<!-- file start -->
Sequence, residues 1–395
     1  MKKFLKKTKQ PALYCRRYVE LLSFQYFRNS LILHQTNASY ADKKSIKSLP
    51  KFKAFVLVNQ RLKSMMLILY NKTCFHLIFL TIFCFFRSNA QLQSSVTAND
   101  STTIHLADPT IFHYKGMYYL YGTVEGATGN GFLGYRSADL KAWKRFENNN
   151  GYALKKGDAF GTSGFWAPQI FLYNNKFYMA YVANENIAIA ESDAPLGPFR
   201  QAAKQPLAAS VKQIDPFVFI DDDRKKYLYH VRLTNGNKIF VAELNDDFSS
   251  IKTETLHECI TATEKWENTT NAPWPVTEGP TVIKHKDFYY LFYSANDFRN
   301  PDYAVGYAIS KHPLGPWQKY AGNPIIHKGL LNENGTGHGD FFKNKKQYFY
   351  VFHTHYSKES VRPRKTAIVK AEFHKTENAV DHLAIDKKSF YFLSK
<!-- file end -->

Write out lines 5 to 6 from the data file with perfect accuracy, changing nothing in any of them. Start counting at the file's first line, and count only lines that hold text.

   151  GYALKKGDAF GTSGFWAPQI FLYNNKFYMA YVANENIAIA ESDAPLGPFR
   201  QAAKQPLAAS VKQIDPFVFI DDDRKKYLYH VRLTNGNKIF VAELNDDFSS